Definition of no Bill
No Bill is the term used by the Grand Jury, which is written on the front of the bill of indictment. An indictment is the document which identifies the suspect and a list of potential criminal charges the state believes the suspect may have committed. The prosecutor presents the indictment to the grand jury along with evidence. After hearing the evidence from the prosecutor if the grand jury decides the formal charges against a defendant have not been sufficiently supported by the evidence presented they will write "No Bill" across the top of the indictment. This process is only used in jurisdictions which use a grand jury, which is a group of randomly selected citizens from a community, to decide if a suspect should be brought to trial.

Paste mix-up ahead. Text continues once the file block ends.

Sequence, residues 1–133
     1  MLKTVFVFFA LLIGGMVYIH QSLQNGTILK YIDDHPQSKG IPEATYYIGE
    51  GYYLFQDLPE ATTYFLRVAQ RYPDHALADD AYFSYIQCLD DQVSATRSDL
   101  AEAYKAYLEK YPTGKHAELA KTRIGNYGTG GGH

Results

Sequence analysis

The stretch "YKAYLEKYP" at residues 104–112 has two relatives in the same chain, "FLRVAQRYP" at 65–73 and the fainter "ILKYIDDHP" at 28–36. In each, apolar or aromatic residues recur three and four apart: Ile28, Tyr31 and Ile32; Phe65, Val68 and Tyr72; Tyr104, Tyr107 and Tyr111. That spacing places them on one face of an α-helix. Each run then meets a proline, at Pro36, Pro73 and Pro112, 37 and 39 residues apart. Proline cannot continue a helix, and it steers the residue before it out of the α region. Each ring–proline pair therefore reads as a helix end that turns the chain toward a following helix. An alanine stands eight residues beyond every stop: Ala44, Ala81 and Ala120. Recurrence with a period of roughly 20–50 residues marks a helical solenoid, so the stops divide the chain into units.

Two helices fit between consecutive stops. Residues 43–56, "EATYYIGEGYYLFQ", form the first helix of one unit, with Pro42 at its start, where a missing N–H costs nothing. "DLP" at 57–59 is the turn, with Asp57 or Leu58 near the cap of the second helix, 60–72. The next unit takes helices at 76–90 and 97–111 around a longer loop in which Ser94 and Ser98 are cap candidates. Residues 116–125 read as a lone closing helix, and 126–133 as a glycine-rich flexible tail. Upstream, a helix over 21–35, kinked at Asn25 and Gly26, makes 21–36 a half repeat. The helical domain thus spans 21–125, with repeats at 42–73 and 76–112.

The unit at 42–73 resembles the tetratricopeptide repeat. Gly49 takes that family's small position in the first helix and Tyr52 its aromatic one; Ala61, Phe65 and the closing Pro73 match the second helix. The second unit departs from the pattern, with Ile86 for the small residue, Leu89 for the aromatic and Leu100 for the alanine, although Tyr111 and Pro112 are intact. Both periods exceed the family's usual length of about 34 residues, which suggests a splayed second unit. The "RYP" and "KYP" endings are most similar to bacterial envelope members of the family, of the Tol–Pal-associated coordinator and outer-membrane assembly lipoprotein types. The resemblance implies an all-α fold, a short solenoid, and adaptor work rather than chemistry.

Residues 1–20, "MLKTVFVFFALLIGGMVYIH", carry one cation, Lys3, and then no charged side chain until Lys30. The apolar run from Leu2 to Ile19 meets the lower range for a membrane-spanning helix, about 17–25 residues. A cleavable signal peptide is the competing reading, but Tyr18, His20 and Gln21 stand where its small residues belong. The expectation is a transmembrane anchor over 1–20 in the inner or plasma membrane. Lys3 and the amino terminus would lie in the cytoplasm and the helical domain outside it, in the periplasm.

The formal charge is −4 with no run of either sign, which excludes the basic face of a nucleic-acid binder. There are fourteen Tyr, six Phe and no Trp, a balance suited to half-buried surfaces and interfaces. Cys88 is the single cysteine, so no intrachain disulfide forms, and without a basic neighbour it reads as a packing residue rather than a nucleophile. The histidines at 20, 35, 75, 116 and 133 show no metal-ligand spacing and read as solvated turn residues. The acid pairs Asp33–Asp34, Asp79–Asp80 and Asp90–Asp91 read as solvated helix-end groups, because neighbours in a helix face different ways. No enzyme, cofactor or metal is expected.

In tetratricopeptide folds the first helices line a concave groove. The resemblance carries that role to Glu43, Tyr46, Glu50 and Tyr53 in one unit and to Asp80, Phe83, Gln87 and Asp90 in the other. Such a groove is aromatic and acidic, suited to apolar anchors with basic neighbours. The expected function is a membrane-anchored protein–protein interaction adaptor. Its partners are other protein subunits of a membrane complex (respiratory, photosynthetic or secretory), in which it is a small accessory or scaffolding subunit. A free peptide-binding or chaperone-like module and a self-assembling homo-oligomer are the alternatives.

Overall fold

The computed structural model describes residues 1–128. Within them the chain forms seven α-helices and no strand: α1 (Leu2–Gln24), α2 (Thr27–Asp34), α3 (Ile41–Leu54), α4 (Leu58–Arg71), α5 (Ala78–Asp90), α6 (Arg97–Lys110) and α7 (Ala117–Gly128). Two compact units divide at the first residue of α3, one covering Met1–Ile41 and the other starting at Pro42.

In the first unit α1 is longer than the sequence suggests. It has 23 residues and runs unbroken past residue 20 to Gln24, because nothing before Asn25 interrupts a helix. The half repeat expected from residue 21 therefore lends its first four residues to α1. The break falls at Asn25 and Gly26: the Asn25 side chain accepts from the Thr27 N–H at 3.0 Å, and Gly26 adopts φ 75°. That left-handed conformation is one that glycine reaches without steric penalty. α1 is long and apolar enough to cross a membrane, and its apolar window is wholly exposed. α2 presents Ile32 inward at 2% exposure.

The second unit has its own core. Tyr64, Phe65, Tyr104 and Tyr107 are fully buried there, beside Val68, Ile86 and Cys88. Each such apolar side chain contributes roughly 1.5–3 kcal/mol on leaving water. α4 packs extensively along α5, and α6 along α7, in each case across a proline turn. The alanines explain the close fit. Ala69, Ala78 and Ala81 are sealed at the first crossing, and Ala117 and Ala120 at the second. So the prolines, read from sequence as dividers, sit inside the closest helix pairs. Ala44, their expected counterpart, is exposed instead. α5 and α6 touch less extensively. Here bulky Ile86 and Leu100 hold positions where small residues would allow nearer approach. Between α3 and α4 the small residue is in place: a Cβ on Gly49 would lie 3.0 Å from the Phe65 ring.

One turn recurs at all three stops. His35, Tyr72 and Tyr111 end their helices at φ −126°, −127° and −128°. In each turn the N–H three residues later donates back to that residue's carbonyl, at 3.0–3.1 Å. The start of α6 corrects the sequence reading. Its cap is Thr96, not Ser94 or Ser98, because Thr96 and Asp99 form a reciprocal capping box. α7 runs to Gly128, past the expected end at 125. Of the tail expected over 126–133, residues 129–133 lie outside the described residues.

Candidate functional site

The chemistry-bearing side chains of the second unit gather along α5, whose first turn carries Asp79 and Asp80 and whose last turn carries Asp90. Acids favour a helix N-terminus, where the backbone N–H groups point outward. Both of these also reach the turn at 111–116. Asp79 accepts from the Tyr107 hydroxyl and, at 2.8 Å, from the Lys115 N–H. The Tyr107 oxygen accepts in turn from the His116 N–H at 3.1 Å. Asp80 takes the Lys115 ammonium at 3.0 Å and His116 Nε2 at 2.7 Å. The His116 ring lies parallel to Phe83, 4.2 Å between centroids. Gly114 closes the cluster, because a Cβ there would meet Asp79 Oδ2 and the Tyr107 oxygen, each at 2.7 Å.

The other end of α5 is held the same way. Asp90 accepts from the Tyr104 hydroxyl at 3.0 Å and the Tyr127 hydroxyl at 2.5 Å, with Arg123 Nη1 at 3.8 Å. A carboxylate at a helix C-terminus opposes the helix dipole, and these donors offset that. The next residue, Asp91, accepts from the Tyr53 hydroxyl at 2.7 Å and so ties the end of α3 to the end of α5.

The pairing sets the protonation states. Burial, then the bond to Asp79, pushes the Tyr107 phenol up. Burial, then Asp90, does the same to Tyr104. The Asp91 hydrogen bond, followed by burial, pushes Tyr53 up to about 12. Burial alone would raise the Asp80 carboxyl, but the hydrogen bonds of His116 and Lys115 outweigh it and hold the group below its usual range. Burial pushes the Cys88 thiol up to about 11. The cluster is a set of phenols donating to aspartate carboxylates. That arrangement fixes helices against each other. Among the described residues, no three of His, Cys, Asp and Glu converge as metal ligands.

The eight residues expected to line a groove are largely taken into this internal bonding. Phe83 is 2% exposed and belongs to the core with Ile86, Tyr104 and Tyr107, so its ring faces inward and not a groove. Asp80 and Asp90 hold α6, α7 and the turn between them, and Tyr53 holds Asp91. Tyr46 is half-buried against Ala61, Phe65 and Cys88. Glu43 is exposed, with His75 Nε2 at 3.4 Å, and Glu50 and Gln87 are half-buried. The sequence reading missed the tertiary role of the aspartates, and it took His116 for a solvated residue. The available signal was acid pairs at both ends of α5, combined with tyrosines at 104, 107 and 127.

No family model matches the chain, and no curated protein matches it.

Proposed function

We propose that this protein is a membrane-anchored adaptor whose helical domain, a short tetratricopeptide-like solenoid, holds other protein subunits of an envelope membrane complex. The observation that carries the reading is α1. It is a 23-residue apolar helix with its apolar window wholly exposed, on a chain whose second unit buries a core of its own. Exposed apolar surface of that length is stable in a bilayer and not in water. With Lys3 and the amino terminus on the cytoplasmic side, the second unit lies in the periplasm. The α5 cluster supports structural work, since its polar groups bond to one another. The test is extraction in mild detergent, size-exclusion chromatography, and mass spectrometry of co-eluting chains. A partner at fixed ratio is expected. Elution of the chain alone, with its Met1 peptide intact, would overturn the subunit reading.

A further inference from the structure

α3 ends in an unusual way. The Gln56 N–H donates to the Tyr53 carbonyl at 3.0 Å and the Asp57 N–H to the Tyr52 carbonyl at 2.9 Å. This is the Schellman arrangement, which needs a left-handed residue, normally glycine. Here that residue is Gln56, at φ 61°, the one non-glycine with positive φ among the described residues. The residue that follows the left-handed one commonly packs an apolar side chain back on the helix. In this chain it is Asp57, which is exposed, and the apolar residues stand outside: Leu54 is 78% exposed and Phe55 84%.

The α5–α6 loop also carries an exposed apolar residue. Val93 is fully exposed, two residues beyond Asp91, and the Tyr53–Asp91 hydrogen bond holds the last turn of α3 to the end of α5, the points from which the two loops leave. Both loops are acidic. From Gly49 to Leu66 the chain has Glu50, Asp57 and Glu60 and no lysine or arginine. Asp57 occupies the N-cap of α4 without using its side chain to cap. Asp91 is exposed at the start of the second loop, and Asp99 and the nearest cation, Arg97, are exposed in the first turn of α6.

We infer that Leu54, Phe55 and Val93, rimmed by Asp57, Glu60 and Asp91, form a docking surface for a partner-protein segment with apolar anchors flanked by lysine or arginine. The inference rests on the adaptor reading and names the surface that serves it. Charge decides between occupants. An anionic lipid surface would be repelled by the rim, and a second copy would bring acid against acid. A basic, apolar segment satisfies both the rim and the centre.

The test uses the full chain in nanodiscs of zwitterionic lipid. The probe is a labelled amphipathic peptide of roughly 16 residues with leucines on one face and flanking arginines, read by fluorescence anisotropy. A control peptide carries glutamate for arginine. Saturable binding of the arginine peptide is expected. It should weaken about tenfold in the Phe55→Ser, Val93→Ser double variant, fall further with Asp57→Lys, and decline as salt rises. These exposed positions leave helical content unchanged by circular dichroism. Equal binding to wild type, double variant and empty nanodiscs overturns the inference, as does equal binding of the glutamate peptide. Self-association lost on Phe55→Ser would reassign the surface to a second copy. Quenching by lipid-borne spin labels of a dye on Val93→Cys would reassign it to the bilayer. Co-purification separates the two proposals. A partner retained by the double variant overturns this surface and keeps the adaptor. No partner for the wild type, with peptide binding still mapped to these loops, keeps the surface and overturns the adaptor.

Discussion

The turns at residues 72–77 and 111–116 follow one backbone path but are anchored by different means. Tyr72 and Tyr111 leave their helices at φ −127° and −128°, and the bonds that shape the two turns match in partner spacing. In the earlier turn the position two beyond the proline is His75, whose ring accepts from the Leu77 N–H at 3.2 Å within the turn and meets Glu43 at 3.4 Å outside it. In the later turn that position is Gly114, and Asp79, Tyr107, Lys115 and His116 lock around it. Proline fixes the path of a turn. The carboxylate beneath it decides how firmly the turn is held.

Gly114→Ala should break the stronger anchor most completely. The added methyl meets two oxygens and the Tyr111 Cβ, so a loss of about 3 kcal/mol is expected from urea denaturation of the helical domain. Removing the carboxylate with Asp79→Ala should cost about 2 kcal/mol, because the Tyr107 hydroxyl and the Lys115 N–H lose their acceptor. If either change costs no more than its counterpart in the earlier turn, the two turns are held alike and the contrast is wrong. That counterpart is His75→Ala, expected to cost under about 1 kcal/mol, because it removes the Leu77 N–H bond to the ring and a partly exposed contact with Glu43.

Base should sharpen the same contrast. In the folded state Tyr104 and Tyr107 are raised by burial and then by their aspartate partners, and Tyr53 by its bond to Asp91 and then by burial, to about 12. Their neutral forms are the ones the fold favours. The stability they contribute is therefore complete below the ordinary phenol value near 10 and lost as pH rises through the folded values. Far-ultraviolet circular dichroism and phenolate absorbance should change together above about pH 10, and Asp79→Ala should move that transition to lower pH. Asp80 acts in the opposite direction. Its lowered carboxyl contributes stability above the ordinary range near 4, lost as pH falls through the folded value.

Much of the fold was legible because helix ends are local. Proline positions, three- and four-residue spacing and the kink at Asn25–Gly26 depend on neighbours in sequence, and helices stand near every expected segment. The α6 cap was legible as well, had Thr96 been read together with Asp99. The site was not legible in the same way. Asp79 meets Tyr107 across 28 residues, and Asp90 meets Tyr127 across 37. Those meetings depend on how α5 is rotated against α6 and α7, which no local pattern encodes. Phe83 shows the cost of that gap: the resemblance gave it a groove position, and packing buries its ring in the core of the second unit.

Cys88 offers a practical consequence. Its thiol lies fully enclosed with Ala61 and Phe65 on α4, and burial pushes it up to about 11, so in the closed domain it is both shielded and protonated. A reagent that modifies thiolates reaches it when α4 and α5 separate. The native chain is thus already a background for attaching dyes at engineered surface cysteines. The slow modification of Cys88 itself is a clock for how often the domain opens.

If the grand jury submits a no bill the prosecution has several options: they can either submit a new indictment to the same grand jury or call another grand jury. Some jurisdictions allow the prosecution to keep submitting indictments indefinitely; others limit the number of times it can be submitted. Some jurisdictions do not allow the prosecutor to submit a second indictment to the grand jury without approval from the court.